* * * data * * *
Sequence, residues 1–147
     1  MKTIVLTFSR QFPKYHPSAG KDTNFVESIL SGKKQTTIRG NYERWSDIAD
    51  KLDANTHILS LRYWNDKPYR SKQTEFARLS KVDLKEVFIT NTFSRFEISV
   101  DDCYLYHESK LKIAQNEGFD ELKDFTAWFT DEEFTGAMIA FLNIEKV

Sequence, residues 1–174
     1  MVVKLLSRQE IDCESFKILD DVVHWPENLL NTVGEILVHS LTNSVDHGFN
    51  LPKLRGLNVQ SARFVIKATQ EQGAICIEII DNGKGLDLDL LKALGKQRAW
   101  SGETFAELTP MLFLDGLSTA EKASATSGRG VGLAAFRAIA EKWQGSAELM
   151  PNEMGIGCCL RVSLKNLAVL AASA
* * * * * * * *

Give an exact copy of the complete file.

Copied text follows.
Sequence, residues 1–147
     1  MKTIVLTFSR QFPKYHPSAG KDTNFVESIL SGKKQTTIRG NYERWSDIAD
    51  KLDANTHILS LRYWNDKPYR SKQTEFARLS KVDLKEVFIT NTFSRFEISV
   101  DDCYLYHESK LKIAQNEGFD ELKDFTAWFT DEEFTGAMIA FLNIEKV

Sequence, residues 1–174
     1  MVVKLLSRQE IDCESFKILD DVVHWPENLL NTVGEILVHS LTNSVDHGFN
    51  LPKLRGLNVQ SARFVIKATQ EQGAICIEII DNGKGLDLDL LKALGKQRAW
   101  SGETFAELTP MLFLDGLSTA EKASATSGRG VGLAAFRAIA EKWQGSAELM
   151  PNEMGIGCCL RVSLKNLAVL AASA